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tion must be bad ; and those who prescribe churchman is bound to consider it as suchi

. such enquiries have their own interest and The third, and smallest party, deny that al selfishness more at heart than the subject Christian is bound to receive the book as itself, or the good of mankind. We live an authentic Jiistory; admit that some of in an aye, in which we daily hear and see the narrative is absurd and incredible if many efforts to promote learning. Far literally understood, but a sert it to be be it from me to discourage those who chiefly allegorical, and should not be interreally have in view the benefits that may preted according to the letter. Vindex arise from such laudable pursuits. But says, you contrived (you best know borr) learning, without the ability and disposition to get possession of a copy of the cours to detect and expose error, appears to me JUDAICUS, and your sellish policy soon useless. If, as I am fearful is often the pointed out to you the advantages which cuse, we engage

in any study to overare you might obtain for your own private and bewilder the multitude, it is highly views us a priest, by raising the howl of criminal.

bigotry against a man who possessed some In the year 1811, Sir W. Drummond share of reputation in the literary world. wrote a book, entitled (Dipus JUDAICUS, You accuse the author of libelling the and had printed about 250 copies for pri- clergy, and teaching the same doctrines as vate circulation among his friends. He Dapnis and Volney, who deny that Jesus throws some ridicule upon the literal inter-Christ ever existed. Your object was to pretation of the Scriptures, and sneers it destroy the character of Sir W. Drumthe bigots of the present times. He says, mond, as a man who possessed no principle that by the allegorical interpretation, the either of religion or of common honesty; Scriptures are exaltal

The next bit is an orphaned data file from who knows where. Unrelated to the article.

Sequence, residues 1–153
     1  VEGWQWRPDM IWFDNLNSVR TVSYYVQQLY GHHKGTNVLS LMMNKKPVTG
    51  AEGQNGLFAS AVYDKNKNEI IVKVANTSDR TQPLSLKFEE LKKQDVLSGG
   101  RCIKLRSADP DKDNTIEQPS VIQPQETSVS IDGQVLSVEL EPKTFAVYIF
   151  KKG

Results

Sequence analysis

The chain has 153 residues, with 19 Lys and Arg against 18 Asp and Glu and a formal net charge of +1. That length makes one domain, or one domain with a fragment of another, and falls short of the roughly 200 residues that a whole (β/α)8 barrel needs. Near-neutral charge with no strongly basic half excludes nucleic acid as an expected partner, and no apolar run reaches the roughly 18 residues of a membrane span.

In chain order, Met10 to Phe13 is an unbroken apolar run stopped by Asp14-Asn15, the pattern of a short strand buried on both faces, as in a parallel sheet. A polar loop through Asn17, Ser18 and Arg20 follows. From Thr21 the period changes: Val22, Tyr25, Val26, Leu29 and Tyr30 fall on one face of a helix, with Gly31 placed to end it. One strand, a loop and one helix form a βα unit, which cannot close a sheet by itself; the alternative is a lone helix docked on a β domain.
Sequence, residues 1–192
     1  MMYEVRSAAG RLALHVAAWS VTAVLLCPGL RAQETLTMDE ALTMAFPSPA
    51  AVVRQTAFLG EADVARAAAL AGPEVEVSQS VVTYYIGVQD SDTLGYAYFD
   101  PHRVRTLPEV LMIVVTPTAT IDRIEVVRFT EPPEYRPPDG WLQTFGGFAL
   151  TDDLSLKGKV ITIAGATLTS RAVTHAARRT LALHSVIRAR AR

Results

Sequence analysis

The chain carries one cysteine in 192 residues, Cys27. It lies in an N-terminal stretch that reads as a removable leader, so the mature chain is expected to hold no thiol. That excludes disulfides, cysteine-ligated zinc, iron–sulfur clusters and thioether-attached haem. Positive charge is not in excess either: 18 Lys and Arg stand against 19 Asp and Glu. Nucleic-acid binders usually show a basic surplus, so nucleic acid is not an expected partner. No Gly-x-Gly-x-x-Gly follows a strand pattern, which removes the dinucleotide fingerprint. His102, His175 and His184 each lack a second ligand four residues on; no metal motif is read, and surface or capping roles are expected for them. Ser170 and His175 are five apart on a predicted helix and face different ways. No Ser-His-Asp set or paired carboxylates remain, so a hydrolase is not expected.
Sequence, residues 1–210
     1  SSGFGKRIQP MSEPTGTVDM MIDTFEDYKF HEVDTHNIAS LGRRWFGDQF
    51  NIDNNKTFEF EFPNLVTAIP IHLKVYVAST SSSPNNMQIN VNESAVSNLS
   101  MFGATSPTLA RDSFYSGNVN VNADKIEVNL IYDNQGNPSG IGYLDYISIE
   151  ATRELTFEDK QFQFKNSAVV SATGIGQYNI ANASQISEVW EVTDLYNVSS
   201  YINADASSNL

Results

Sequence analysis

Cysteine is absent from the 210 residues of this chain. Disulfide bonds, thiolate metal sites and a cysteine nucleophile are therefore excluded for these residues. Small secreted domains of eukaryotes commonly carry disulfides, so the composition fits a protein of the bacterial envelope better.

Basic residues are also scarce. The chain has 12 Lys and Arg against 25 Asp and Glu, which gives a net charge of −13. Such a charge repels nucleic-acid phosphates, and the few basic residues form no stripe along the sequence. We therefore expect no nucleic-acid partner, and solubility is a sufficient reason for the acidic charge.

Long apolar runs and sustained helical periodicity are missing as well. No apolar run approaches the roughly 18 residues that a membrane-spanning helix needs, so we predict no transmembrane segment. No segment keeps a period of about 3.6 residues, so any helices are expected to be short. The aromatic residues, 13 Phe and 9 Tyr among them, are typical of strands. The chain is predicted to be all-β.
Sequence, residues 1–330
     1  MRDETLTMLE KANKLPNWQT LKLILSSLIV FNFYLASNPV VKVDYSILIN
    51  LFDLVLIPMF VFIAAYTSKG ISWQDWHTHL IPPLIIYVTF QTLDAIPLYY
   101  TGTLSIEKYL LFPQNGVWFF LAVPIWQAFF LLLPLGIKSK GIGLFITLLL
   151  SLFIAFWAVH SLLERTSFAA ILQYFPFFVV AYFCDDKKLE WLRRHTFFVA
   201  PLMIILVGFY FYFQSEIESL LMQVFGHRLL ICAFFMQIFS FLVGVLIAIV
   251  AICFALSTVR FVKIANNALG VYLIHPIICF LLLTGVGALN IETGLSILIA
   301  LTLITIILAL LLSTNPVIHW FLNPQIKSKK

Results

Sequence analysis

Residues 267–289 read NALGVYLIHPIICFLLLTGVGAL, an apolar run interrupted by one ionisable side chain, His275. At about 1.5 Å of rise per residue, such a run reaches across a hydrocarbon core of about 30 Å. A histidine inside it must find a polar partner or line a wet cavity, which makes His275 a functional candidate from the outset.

, as cont:ining a fund and in so doing to obtain credit to yourself of science as well as being of divine ori- in bringing so heinous an individual before gin ; and, holding that opinion, he laughs the bar of the public. But happily for him at the literal interpretation, because it and some others, the power in you is not must happen that to himn wijo believed the waiting the will to do mischief. I, thereonc mode of interpretation to be true, the fore, ci crit expedient to rebuke the spirit other must appear not only false but ridi- of malice which lies lurking under the byculons. The rest of th: work is occupied pocritical cart of the Christian Advocate. in discussing the nature and objects of the For philosophy, you and many others seem allegories introduceel ly the sacred writers to have an innate abhorrence; and, therefor the wisest purposes.